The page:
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[Caml-list] Completeness of "Unix" run-time library
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Date: 2004-03-18 (12:42)
From: Benjamin Geer <ben@s...>
Subject: Re: OCaml's Cathedral & Bazaar (was Re: [Caml-list] Completeness of "Unix" run-time library)
Diego Olivier Fernandez Pons wrote:
> Mieux vaut ne pas imposer de bibliotheque par defaut que d'en imposer
> une mauvaise, quitte a paraitre peu reactif. Or aucune des
> bibliotheques citees ne fait l'objet d'un consensus, meme partiel.

The problem is not simply that INRIA is too cautious, it's that there is 
no visible process for accepting enhancements to Caml or its libraries 
from outside INRIA.  INRIA very rarely responds at all, either 
positively or negatively, to proposed modifications from outsiders (the 
sole exception seems to be bug fixes).

Recently there has been a long discussion on this list about enhancing 
the Unix module, and no one from INRIA has said a word about it; this is 
very discouraging.  Has ocaml-lib.sourceforge.net been rejected?  Is 
INRIA silently working on its own library enhancements which will be 
incompatibly replace some of the enhancements developed by the 
community?  Is there a plan for the future development of Caml?  We are 
like the man in Kafka's novel _The Trial_, who stands for years at the 
door of the Law, and is never told whether he will be seen, or when, or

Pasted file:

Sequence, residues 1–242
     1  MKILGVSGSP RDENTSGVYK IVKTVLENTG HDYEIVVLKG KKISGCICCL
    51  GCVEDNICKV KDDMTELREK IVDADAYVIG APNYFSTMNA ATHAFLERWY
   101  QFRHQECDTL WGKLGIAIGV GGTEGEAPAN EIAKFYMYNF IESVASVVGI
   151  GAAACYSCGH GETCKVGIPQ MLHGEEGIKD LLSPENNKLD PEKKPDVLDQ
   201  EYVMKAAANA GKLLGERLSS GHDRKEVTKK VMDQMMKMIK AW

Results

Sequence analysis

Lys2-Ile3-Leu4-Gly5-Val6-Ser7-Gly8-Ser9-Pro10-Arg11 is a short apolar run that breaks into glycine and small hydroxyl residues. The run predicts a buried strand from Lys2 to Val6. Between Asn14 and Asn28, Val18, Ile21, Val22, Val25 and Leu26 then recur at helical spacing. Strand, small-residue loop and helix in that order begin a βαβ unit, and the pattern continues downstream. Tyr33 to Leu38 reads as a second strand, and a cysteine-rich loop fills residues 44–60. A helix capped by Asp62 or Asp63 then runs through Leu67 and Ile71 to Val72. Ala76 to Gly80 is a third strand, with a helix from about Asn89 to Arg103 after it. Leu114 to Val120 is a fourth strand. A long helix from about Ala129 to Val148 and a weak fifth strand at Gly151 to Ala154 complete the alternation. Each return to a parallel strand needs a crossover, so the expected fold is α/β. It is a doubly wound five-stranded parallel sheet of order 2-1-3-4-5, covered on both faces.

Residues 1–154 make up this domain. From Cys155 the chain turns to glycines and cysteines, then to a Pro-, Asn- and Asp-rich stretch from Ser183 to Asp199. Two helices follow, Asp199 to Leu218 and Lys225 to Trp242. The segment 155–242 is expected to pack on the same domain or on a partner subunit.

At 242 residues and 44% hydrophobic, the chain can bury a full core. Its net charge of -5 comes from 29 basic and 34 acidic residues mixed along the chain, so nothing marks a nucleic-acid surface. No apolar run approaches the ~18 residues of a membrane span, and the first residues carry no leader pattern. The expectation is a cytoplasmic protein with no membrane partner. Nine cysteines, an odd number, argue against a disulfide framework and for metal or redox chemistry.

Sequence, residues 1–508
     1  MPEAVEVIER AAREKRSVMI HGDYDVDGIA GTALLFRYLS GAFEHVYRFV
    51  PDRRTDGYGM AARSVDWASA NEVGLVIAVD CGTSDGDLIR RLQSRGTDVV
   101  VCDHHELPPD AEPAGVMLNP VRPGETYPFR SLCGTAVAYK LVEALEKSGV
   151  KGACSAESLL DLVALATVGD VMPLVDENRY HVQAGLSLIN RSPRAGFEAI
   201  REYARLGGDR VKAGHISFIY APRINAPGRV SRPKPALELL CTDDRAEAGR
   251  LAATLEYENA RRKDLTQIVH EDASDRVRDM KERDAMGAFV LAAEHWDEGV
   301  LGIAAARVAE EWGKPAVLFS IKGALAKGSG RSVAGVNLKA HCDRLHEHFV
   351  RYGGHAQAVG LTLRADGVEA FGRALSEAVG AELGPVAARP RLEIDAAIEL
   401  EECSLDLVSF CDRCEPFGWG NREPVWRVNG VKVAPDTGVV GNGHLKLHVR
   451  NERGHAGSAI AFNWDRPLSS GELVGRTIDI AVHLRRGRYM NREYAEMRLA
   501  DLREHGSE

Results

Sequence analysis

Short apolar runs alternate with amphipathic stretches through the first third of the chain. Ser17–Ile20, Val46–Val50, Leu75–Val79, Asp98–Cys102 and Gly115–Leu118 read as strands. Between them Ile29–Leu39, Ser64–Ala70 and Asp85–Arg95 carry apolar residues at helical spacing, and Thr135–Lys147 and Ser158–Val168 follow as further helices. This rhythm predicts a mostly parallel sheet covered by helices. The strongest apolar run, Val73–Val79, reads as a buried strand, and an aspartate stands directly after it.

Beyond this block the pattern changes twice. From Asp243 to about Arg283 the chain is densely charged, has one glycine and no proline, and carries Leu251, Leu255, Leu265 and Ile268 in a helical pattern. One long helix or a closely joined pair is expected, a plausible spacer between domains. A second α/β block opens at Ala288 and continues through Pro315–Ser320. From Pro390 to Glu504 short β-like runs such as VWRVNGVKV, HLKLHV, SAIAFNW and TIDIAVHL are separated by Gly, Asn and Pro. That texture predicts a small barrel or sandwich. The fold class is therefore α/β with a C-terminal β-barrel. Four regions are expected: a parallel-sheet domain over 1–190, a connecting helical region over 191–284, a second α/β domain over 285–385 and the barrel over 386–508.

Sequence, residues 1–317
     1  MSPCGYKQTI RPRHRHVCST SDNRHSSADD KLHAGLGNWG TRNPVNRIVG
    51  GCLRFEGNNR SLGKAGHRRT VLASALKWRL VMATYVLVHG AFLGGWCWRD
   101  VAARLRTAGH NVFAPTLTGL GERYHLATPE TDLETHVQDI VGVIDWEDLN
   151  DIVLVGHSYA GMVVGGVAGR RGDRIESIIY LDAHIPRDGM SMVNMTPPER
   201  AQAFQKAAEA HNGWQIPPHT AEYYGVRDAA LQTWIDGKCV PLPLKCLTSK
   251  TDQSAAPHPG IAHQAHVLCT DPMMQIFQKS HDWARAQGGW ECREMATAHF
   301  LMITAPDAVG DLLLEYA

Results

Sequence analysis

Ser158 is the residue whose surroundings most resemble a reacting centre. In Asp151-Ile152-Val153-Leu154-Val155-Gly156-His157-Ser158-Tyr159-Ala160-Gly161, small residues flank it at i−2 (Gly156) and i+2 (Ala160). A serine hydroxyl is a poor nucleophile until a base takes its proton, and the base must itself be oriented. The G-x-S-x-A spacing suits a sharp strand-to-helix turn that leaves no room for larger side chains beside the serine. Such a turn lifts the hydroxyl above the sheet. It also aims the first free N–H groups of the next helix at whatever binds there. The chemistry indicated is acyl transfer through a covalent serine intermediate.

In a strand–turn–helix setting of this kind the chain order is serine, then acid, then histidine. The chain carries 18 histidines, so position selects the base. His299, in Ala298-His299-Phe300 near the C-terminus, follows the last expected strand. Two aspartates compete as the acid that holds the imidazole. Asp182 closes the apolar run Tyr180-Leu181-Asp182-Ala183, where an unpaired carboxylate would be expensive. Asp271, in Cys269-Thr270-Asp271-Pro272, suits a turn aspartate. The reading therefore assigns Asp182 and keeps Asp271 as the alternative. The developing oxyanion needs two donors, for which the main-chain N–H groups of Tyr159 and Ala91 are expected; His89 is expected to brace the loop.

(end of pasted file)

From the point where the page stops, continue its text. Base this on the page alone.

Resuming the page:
if not, why not.

Compare this to what happens in successful, healthy open-source 
communities: GCC has a development plan 
(http://gcc.gnu.org/develop.html).  The core developers discuss all 
proposed enhancements on the mailing list.  The steering committee makes 
clear, timely decisions about which changes will be included in each 
release.  Thanks to this plan, a wide variety of companies and 
individuals contribute to GCC.

Python has excellent standard libraries not because there is always 100% 
consensus on what to put in them, but because there is a clear process 
for extending them (http://www.python.org/peps/).  The Python project 
leader responds quickly to proposals, participates in discussion, and 
makes clear, justified decisions.

I think Caml desperately needs an explicit development plan and a clear, 
efficient process for accepting enhancements from the community.  Until 
it has these, it will not be able to meet the needs of its users; many 
of its users will be increasingly frustrated, and will eventually 
abandon it.


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